Adapting quickly so we can be there when it matters


Responding to COVID-19: voices from our membership

Sue Ryder supports people with neurological conditions, terminal illness or bereavement. The charity’s neurological care centres across the UK offer a range of residential and community based neurological services. This includes specialist neurological rehabilitation and support tailored to the individual needs of people with a range of neurological conditions. Director of Neurological Services and Neurological Alliance Trustee, Pamela Mackenzie, blogs about how the organisation has adapted quickly to the pandemic and is supporting the NHS in the management of the crisis.

Without the right rehabilitation at the right time, people who have suffered a stroke or acquired brain injury may never get to return home or remain highly dependent. Our specialist inter-disciplinary team consists of physiotherapists, occupational therapists, speech and language therapists, neuro-psychologists, nurses and rehab assistants who use goal-orientated therapy programmes to support clients to maintain or build strength and develop skills they need for daily living to enable them to return home or to more independent living.

Our neurological rehabilitation units play an important part in the fight against COVID-19 by admitting patients from hospital who need access to specialist therapy, freeing up much-needed acute hospital beds. At the start of the pandemic, there was a high level of concern around the loss of neurological rehabilitation beds, with therapists in community services being redeployed. To ensure those who needed this specialist care could still access it, Sue Ryder Neurological Care Centre The Chantry was approached by their Clinical Commissioning Group (CCG) at the end of March to increase their capacity of neurological rehabilitation beds.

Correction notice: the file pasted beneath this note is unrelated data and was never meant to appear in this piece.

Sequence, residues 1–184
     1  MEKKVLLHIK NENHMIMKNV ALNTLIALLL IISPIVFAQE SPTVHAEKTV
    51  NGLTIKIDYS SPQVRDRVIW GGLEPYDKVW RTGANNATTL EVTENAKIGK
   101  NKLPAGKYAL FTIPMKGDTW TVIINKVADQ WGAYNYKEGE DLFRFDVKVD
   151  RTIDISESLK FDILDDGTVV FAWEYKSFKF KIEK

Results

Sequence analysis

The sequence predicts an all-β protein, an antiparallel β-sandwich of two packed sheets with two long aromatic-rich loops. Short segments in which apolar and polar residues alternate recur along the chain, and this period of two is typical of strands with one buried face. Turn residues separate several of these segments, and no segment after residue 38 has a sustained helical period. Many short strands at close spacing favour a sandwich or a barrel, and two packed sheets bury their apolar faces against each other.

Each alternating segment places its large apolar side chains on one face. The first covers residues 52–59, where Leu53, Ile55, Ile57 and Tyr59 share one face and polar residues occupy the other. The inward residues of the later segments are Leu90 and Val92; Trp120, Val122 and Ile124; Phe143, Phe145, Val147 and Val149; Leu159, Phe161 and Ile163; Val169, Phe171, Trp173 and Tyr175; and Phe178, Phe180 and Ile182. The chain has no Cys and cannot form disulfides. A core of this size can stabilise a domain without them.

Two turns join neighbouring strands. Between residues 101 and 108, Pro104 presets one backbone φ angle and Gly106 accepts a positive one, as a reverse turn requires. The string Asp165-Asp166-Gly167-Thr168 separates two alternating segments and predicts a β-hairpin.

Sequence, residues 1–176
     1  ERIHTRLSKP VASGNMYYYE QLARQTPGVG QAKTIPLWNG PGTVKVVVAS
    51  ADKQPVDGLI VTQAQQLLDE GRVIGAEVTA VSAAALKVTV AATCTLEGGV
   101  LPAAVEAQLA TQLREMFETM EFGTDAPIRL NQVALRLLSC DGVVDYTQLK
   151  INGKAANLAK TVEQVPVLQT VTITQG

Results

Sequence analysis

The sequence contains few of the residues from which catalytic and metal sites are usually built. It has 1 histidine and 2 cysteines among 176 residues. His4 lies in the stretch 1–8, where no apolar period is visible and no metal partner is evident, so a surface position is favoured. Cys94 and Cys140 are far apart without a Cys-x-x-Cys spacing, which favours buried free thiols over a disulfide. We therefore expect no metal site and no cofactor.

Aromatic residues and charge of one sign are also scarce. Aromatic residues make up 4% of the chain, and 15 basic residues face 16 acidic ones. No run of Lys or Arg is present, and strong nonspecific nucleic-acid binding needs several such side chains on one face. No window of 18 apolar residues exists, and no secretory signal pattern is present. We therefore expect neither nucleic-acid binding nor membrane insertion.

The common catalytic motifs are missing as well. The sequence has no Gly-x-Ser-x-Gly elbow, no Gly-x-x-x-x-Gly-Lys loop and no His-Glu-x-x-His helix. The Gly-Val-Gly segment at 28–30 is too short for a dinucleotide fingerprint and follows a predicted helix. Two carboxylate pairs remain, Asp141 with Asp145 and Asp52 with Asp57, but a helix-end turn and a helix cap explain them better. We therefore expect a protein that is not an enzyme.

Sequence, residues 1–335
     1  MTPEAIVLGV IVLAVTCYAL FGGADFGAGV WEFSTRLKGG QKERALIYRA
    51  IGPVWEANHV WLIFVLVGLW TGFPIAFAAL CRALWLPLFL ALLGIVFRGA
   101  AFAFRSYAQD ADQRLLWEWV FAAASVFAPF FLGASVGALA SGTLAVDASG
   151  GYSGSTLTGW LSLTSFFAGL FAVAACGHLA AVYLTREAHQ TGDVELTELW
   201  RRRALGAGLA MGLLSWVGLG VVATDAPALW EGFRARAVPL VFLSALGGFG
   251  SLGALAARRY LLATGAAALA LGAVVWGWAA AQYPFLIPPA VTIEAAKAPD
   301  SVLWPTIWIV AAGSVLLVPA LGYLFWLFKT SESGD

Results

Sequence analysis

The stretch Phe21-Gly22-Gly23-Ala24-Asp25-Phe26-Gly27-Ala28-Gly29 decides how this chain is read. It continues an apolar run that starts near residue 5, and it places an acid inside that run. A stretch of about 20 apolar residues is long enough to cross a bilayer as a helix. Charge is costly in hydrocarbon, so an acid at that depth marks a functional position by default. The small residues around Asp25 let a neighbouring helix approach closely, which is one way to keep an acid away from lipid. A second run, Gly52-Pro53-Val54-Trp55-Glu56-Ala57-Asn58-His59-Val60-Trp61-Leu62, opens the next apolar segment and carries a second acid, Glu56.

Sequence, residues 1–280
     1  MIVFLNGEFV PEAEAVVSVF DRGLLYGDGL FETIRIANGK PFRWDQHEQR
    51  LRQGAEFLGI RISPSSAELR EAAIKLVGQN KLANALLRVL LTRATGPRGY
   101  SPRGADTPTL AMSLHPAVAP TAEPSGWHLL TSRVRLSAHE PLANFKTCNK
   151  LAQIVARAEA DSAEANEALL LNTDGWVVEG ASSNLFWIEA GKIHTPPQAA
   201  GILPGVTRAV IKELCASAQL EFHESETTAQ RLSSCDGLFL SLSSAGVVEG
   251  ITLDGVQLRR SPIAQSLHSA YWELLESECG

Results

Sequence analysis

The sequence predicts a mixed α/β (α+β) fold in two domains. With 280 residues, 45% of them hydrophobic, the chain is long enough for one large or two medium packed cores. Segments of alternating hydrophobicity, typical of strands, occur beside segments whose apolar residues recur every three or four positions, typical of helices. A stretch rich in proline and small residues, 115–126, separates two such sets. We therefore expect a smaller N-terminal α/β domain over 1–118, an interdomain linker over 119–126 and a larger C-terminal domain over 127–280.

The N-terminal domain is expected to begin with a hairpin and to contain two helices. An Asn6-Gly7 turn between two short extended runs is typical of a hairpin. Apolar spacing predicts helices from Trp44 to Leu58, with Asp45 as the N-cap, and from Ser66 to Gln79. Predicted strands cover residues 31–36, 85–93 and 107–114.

The Chantry responded swiftly to this request by adapting our current rehab model in order to be able to admit people for a shorter length of stay, and provide a level of intense rehab after which they could be discharged home safely. We have reorganised therapy space and equipment to keep residents and rehab clients safe, with residents having therapy in their rooms and in lower numbers in the dedicated gym, while practising safe social distancing.

It has been a challenge, but one from which we have learned. We have been working more collaboratively with the CCG and social workers, with twice-weekly calls to discuss referrals and discharge planning. Meetings with consultants, inter-disciplinary teams and families are all held via secure video conferencing, which the Sue Ryder IT team set up for us.

Another innovation we have rolled out across our centres is the use of tablets for clients to keep in touch with family and friends. This ability to maintain social connections has helped to reduce their loneliness, at a time when strict shielding guidance prevents visits to our centres. We have also taken the opportunity to use the tablets to update loved ones, lowering the anxiety some families are feeling.

As well as better outcomes for patients, we are looking forward to exploring opportunities to build on these new ways of collaborative and smarter working with our partners once the COVID-19 crisis is over.

Visit the Sue Ryder website.